Global climate changes drive ecological specialization of mammal faunas: trends in rodent assemblages from the Iberian Plio-Pleistocene
- Equal contributors
1 Departamento de Paleontología, Facultad de Ciencias Geológicas, Universidad Complutense de Madrid, José Antonio Novais 2, Madrid 28040, Spain
2 Departamento de Paleobiología, Museo Nacional de Ciencias Naturales, Consejo Superior de Investigaciones Científicas, Pinar 25, Madrid 28006, Spain
3 Departamento de Cambio Medioambiental, Instituto de Geociencias (UCM, CSIC), José Antonio Novais 2, Madrid 28040, Spain
BMC Evolutionary Biology 2013, 13:94 doi:10.1186/1471-2148-13-94Published: 30 April 2013
Several macroevolutionary hypotheses propose a synchrony between climatic changes and variations in the structure of faunal communities. Some of them focus on the importance of the species ecological specialization because of its effects on evolutionary processes and the resultant patterns. Particularly, Vrba’s turnover pulse hypothesis and resource-use hypothesis revolve around the importance of biome inhabitation. In order to test these hypotheses, we used the Biomic Specialization Index, which is based on the number of biomes occupied by each species, and evaluated the changes in the relative importance of generalist and specialist rodents in more than forty fossil sites from the Iberian Plio-Pleistocene.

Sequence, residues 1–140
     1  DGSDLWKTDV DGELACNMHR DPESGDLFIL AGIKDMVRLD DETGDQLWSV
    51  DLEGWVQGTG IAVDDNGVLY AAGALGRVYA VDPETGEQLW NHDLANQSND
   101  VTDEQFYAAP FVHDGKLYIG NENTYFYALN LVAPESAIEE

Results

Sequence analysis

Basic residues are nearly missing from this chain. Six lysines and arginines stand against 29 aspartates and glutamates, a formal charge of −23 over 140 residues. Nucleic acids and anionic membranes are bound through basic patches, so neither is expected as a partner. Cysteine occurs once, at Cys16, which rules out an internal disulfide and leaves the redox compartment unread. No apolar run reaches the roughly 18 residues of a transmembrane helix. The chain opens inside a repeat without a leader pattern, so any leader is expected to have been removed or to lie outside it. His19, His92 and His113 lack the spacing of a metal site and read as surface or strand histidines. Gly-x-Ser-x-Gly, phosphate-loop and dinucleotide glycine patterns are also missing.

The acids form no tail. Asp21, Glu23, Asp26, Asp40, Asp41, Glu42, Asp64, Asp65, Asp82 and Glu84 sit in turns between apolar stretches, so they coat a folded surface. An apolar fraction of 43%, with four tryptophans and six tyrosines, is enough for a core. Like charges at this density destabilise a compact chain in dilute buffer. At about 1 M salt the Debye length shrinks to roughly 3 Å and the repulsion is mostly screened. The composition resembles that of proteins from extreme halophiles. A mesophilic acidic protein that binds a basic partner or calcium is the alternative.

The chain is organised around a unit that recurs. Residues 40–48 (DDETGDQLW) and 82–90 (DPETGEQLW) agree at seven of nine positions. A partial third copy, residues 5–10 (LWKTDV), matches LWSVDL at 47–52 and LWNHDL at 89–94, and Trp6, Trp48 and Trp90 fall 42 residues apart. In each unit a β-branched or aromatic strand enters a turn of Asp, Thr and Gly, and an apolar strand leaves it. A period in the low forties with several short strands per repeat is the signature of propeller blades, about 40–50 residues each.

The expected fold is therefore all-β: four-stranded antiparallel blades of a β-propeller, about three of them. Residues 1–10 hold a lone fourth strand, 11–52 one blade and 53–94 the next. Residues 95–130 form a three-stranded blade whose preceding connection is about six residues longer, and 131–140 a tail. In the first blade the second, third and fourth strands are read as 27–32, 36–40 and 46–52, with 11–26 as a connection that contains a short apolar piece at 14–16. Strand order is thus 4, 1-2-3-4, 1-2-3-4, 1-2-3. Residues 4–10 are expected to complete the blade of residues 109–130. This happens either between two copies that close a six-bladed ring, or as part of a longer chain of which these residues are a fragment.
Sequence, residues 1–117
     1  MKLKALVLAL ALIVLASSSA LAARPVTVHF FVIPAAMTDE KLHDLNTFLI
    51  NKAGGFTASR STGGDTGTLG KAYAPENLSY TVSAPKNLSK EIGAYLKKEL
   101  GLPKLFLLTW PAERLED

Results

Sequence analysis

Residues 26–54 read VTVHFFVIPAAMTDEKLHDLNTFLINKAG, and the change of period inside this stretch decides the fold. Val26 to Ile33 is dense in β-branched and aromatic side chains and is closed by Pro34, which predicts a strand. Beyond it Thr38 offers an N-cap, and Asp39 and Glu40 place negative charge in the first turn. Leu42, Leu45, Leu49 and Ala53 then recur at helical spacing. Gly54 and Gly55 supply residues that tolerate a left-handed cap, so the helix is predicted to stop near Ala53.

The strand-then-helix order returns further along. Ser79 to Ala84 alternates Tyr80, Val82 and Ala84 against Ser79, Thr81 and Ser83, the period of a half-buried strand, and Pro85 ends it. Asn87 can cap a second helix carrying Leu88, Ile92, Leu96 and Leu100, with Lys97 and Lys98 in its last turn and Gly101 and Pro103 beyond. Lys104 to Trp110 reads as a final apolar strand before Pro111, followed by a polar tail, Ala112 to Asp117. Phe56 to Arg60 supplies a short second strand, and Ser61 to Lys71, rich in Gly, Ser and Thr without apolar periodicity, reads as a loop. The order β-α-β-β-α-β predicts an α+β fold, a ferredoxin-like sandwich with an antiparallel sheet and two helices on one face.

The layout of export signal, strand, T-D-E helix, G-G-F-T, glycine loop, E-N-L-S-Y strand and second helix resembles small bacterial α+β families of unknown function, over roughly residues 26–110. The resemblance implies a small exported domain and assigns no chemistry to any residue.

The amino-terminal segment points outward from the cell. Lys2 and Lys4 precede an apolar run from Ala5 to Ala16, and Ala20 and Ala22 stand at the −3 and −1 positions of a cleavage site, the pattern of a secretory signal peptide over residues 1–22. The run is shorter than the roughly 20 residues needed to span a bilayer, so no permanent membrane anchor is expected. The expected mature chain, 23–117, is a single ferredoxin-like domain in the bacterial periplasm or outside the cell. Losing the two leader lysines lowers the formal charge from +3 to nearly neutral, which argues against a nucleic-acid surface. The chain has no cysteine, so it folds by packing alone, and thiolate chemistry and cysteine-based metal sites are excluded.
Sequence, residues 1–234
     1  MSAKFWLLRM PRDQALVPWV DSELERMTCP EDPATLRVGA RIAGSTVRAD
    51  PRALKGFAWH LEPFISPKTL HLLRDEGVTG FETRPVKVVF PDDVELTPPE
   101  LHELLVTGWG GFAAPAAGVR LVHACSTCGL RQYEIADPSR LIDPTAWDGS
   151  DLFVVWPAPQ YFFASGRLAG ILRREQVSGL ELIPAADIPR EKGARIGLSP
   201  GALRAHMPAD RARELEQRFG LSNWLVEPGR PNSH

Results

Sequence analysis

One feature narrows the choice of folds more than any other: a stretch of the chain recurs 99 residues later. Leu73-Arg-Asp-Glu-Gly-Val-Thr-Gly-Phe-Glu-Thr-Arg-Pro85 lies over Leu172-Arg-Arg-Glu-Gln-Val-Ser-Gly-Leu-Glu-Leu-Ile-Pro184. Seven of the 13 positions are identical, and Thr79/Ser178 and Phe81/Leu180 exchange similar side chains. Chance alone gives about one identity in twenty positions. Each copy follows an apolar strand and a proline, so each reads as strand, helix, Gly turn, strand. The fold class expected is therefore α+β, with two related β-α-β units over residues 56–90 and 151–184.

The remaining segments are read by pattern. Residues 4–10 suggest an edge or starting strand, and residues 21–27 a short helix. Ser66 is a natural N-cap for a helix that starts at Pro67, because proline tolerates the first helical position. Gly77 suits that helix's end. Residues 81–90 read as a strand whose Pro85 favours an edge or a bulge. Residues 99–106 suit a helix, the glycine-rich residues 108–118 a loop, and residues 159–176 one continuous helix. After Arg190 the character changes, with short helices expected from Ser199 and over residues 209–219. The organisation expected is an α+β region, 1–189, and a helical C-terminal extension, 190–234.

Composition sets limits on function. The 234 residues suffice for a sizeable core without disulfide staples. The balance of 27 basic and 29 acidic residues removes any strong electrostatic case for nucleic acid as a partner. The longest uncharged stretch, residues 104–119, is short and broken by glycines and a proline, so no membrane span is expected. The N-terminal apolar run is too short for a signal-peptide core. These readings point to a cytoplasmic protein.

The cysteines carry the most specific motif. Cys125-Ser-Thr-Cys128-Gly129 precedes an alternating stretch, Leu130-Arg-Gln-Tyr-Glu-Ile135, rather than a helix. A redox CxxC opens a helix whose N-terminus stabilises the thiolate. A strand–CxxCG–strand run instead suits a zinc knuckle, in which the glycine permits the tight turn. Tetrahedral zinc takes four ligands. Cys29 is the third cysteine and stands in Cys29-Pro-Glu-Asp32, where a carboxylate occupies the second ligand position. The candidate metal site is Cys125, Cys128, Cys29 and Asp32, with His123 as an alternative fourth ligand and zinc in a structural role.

Our results indicate that there was a decrease in the specialization degree of rodent faunas during the Pliocene due to the global cooling that triggered the onset of the glacial events of the Cenozoic (around 2.75 Ma). The subsequent faunal transition after this critical paleoenvironmental event was characterized by an increase of specialization related to the adaptation to the new environmental conditions, which was mainly associated with the Pleistocene radiation of Arvicolinae (voles).
The pattern of faunal turnover is correlated with the development of the modern glaciations in the Northern Hemisphere around 2.75 Ma, and represents a reorganization of the rodent communities, as suggested by the turnover pulse hypothesis. Our data also support the resource-use hypothesis, which presumes the role of the degree of specialization in resources specifically related to particular biomes as a driver of differential speciation and extinction rates. These results stress the intimate connection between ecological and evolutionary changes.